Joe Biden's Dog Commander Bites Secret Service Agent in 11th Known Incident

The president's youngest German shepherd bit another U.S. Secret Service agent, making this the 11th known incident

<p>MANDEL NGAN/AFP via Getty</p> President Joe Biden


President Joe Biden's dog Commander in Washington, DC in August 2022

President Joe Biden's younger dog Commander bit another U.S. Secret Service officer earlier this week.

Commander, a 2-year-old purebred German shepherd, bit a Secret Service officer around 8 p.m. Monday. The injured officer was treated by medical personnel and is doing okay following the incident, USSS Chief of Communications Anthony Guglielmi said in a statement to CNN.

This recent incident would be the 11th known instance of the dog biting a Secret Service officer at the White House and in Delaware. This follows the July reports that Secret Service members raised concerns about Commander in email correspondence that surfaced in emails obtained by the conservative group Judicial Watch through Freedom of Information requests.

<p>Adam Schultz/The White House via AP</p> President Joe Biden with Commander

Adam Schultz/The White House via AP

President Joe Biden with Commander

In the email correspondence, the staffers alleged that Commander was involved in at least 10 incidents, reported CNN. "I believe it’s only a matter of time before an agent/officer is attacked or bit," one staff member claimed.

One email showed that a Secret Service officer went to a hospital to be treated for injuries after the German shepherd reportedly bit the officer's arm and thighs in November 2022.

In an October 2022 incident, Commander charged a Secret Service staffer and First Lady Dr. Jill Biden reportedly "couldn't regain control.”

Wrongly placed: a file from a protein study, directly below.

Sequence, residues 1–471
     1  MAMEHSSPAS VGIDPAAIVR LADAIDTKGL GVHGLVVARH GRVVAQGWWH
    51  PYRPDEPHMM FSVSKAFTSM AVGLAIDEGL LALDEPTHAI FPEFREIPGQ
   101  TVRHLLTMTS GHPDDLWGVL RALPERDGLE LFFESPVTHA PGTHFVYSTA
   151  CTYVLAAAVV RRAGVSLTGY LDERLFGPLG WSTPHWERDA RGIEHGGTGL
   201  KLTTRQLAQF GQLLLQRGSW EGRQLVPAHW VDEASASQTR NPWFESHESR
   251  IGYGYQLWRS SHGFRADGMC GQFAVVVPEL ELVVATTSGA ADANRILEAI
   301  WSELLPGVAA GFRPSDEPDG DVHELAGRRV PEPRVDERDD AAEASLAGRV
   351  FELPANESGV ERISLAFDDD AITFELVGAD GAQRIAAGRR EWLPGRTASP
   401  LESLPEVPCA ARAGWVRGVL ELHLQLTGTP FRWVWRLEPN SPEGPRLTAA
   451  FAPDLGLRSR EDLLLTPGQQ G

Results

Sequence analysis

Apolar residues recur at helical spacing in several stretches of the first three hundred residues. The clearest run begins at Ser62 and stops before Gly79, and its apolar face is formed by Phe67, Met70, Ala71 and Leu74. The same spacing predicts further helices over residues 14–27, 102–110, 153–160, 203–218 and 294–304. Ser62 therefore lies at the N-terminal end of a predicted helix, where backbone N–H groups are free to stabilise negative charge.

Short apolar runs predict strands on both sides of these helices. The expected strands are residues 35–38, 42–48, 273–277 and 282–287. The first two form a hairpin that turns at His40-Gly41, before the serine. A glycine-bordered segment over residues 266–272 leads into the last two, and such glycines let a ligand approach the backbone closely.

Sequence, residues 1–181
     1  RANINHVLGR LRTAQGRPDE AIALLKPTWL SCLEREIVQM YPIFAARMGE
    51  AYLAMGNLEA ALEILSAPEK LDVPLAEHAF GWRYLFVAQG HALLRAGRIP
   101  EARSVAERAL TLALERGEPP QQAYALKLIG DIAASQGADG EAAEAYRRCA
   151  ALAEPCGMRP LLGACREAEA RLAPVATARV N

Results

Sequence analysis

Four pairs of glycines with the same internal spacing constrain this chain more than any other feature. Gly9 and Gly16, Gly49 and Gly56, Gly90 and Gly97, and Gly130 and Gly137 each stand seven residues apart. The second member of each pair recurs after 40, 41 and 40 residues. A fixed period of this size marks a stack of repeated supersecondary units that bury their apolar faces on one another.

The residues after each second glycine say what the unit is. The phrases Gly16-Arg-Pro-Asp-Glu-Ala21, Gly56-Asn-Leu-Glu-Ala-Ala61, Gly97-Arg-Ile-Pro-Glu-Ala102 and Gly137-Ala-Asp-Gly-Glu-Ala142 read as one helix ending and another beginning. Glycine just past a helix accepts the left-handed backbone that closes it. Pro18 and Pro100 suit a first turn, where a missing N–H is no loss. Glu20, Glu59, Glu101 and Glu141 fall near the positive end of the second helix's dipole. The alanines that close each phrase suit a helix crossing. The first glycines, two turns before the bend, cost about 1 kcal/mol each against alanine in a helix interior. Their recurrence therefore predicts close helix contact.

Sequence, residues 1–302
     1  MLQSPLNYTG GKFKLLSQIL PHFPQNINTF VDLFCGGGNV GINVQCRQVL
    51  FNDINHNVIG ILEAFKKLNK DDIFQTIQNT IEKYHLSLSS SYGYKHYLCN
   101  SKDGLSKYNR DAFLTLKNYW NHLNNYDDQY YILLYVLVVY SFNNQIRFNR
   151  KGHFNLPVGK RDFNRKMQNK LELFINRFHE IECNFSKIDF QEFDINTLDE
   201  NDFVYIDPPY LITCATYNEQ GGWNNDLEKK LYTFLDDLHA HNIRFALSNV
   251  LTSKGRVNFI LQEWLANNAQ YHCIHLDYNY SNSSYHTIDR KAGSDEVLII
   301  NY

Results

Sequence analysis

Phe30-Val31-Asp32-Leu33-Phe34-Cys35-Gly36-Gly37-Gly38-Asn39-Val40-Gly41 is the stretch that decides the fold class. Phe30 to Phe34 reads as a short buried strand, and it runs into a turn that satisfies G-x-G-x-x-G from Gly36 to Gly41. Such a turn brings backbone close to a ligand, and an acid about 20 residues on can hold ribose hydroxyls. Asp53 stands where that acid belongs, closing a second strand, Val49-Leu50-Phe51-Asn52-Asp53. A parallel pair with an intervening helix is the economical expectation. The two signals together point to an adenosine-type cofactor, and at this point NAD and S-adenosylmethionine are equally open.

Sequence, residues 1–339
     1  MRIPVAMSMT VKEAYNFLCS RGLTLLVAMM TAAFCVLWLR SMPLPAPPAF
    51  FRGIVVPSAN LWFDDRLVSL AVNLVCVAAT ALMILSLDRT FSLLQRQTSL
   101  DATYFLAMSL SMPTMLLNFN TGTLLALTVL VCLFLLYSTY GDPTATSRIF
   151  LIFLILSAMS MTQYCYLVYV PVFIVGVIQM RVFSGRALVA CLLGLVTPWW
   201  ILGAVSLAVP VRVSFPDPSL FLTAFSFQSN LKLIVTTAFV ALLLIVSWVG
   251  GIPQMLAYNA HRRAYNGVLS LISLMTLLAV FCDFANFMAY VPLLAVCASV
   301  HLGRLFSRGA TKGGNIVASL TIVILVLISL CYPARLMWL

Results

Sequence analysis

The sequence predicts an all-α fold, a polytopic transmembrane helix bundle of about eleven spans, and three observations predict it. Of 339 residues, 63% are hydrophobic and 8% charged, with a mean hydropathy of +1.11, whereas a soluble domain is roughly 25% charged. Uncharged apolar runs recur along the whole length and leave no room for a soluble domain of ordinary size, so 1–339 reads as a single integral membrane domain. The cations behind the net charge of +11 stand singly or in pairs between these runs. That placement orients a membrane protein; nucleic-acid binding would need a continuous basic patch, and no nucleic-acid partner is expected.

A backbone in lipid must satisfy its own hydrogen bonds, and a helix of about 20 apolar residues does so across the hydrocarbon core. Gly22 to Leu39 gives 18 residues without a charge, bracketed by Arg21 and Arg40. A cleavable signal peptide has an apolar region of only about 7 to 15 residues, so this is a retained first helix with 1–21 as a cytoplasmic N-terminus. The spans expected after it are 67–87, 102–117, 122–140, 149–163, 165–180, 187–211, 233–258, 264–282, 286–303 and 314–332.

Related: Dr. Jill Biden and First Dog Commander Share Special Message of Love for Puppy Bowl 2022 — Watch

“For the past several presidential administrations, the Secret Service has navigated how to best operate around family pets and these incidents are no exception," Guglielmi said in a July statement to CNN. "We take the safety and well-being of our employees extremely seriously."

“As such, we are aware of past incidents involving first-family pets, and these instances were treated similarly to comparable workplace injuries, to include with relevant notifications and reporting procedures followed," the statement continued.

Guglielmi explained that the Secret Service does "work with all applicable entities to minimize adverse impacts in an environment that includes pets," but they do not care for or handle the pets.

Related: First Lady Jill Biden Has Been 'Obsessed' with Getting Dogs Champ and Major 'Settled' at the White House

The Biden family welcomed Commander to the White House in December 2021. His White House arrival followed the death of Biden’s previous German shepherd, Champ, who died in June 2021.

Biden, 80, tweeted, "Welcome to the White House, Commander," along with a photo of the puppy running with a tennis ball in his mouth.

Commander is the third dog to move into the White House during Biden's presidency. The 2-year-old puppy was previously joined by Major.

The Bidens adopted Major from the Delaware Humane Association in 2018, but after residing in the White House for a short period he was removed from the residence due to several "biting incidents." In early 2021, Major was then rehomed and now resides with family friends of the Bidens.

"After consulting with dog trainers, animal behaviorists, and veterinarians, the First Family has decided to follow the experts' collective recommendation that it would be safest for Major to live in a quieter environment with family friends," Michael LaRosa, a spokesman for Dr. Jill Biden at the time, told PEOPLE. "This is not in reaction to any new or specific incident, but rather a decision reached after several months of deliberation as a family and discussions with experts."

For more People news, make sure to sign up for our newsletter!

Read the original article on People.